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Fire hydrant monitoring system

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Publication number
US9670650B2
US9670650B2 US14935816 US201514935816A US9670650B2 US 9670650 B2 US9670650 B2 US 9670650B2 US 14935816 US14935816 US 14935816 US 201514935816 A US201514935816 A US 201514935816A US 9670650 B2 US9670650 B2 US 9670650B2
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Prior art keywords
water
device
barrel
detector
hydrant
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Active
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US14935816
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US20170130431A1 (en )
Inventor
Daniel Pinney
Thomas Williams
Robert Haines
Travis Smith
Ryan Roberts
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Sensus Spectrum LLC
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Sensus Spectrum LLC
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    • EFIXED CONSTRUCTIONS
    • E03WATER SUPPLY; SEWERAGE
    • E03BINSTALLATIONS OR METHODS FOR OBTAINING, COLLECTING, OR DISTRIBUTING WATER
    • E03B7/00Water main or service pipe systems
    • E03B7/07Arrangement of devices, e.g. filters, flow controls, measuring devices, siphons, valves, in the pipe systems
    • E03B7/072Arrangement of flowmeters
    • EFIXED CONSTRUCTIONS
    • E03WATER SUPPLY; SEWERAGE
    • E03BINSTALLATIONS OR METHODS FOR OBTAINING, COLLECTING, OR DISTRIBUTING WATER
    • E03B9/00Methods or installations for drawing-off water
    • E03B9/02Hydrants; Arrangements of valves therein; Keys for hydrants
    • EFIXED CONSTRUCTIONS
    • E03WATER SUPPLY; SEWERAGE
    • E03BINSTALLATIONS OR METHODS FOR OBTAINING, COLLECTING, OR DISTRIBUTING WATER
    • E03B9/00Methods or installations for drawing-off water
    • E03B9/02Hydrants; Arrangements of valves therein; Keys for hydrants
    • E03B9/04Column hydrants
    • GPHYSICS
    • G01MEASURING; TESTING
    • G01MTESTING STATIC OR DYNAMIC BALANCE OF MACHINES OR STRUCTURES; TESTING STRUCTURES OR APPARATUS NOT OTHERWISE PROVIDED FOR
    • G01M3/00Investigating fluid-tightness of structures
    • G01M3/02Investigating fluid-tightness of structures by using fluid or vacuum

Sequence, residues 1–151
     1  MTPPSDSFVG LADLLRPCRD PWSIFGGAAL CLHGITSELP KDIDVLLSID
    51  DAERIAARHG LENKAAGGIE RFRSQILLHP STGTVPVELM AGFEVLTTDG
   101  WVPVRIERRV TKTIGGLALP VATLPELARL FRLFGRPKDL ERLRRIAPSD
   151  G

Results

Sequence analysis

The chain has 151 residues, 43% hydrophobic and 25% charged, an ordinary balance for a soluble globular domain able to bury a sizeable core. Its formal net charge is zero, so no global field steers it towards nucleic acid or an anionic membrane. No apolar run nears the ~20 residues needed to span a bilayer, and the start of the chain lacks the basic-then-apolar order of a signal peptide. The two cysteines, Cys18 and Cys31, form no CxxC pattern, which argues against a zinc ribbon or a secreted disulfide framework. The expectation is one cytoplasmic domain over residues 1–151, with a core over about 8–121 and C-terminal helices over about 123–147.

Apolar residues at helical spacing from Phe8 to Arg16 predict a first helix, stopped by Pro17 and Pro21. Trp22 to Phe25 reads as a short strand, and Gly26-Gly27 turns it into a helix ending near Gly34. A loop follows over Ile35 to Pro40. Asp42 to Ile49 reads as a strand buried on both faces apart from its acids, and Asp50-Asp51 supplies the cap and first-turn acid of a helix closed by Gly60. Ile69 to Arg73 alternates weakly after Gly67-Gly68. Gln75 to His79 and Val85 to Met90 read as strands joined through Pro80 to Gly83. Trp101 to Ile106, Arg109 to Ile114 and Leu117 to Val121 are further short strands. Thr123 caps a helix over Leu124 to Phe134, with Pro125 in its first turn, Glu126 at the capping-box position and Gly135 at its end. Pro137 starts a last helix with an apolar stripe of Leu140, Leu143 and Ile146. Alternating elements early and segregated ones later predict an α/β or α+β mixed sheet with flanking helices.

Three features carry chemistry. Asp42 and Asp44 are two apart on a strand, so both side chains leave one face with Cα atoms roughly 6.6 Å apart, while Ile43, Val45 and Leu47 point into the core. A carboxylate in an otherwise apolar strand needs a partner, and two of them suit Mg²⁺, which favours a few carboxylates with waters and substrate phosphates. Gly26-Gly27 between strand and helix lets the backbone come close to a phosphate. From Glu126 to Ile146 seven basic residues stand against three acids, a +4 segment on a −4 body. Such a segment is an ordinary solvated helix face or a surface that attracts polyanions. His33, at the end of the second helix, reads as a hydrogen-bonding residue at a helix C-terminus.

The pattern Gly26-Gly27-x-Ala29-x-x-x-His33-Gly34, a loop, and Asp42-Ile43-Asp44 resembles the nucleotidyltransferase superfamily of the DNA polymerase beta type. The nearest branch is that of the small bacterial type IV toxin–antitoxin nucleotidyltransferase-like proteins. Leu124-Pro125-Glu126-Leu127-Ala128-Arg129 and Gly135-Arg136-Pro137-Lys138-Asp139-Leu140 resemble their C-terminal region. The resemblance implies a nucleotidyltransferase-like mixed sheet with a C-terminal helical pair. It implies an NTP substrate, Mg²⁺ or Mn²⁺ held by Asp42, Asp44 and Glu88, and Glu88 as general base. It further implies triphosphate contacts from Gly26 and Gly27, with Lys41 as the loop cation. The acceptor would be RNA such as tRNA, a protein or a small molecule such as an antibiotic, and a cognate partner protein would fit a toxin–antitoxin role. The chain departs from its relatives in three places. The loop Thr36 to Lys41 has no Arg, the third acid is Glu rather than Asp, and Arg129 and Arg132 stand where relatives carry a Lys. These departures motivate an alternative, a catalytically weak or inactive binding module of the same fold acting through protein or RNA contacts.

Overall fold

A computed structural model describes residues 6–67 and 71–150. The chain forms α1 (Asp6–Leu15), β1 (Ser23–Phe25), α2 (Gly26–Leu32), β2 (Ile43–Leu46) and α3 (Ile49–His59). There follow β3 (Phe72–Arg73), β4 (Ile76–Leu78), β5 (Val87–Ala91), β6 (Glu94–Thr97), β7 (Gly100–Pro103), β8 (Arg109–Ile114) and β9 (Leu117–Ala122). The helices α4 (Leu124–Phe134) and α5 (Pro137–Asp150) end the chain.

• G01M3/04Investigating fluid-tightness of structures by using fluid or vacuum by detecting the presence of fluid at the leakage point
    • G01M3/24Investigating fluid-tightness of structures by using fluid or vacuum by detecting the presence of fluid at the leakage point using infrasonic, sonic, or ultrasonic vibrations
    • G01M3/243Investigating fluid-tightness of structures by using fluid or vacuum by detecting the presence of fluid at the leakage point using infrasonic, sonic, or ultrasonic vibrations for pipes

Abstract

A fire hydrant water leak and theft detection system is connected to a dry barrel fire hydrant. The detector is connected to the upper barrel portion of the fire hydrant below the nozzle assembly and includes a pair of electrodes. A signal is generated when water in the upper barrel portion closes an electrical circuit between the two electrodes due to the conductivity of the water between the electrodes. The detection system sends a signal to a network system upon detection of water in the barrel portion and relays to remote monitoring locations.

Description

BACKGROUND

The present disclosure generally relates to a device and method for monitoring the water level in a fire hydrant. More specifically, the present disclosure relates to a detector connected to a fire hydrant that communicates signals indicative of water present in the fire hydrant, as well as the status of the detector, to a central computing/network system.

Presently, several devices are available in the commercial marketplace for determining whether or not water is being discharged from the hydrant due to theft, leaks, and/or removal of the hydrant itself. Present detectors sense the presence of water by detecting flow across sensors, voltage drop across sensors, and the like. Additionally, present detectors are not remotely monitored.

SUMMARY

The present disclosure relates to a detector that senses the presence of water in a fire hydrant barrel. The detector includes a communication device to send a radio, cellular or other wireless signal to a central computing/network system or signal collection station.

The detector includes a pair of electrodes that form a portion of an open electrical circuit. During a low water level event, the electrical circuit remains open and no signal is produced by the detector. In contrast, at a high water mark, water closes the electrical circuit and allows electrical current to flow from one electrode to another causing a controller to produce a signal.

The conductivity of the water is linked to the total dissolved solids in the water. The water in a fire hydrant barrel contains a percentage of total dissolved solids that allows the current to flow through the water. The inventors of the present invention has recognized that using these inherent conductive properties of the water flowing through the barrel is a reliable and inexpensive way to determine if water is present at the location when the detector is installed on the barrel.

In some examples, a fire hydrant monitoring system for a fire hydrant includes a housing and an inlet. The housing is connected to the exterior surface of the barrel. The system also includes a controller and a pair of electrodes. The controller is located in the housing and the pair of electrodes are connected to the controller. The controller and the electrodes form an open circuit. When water enters the housing and flows between the electrodes, the open circuit is closed and the controller processes a signal.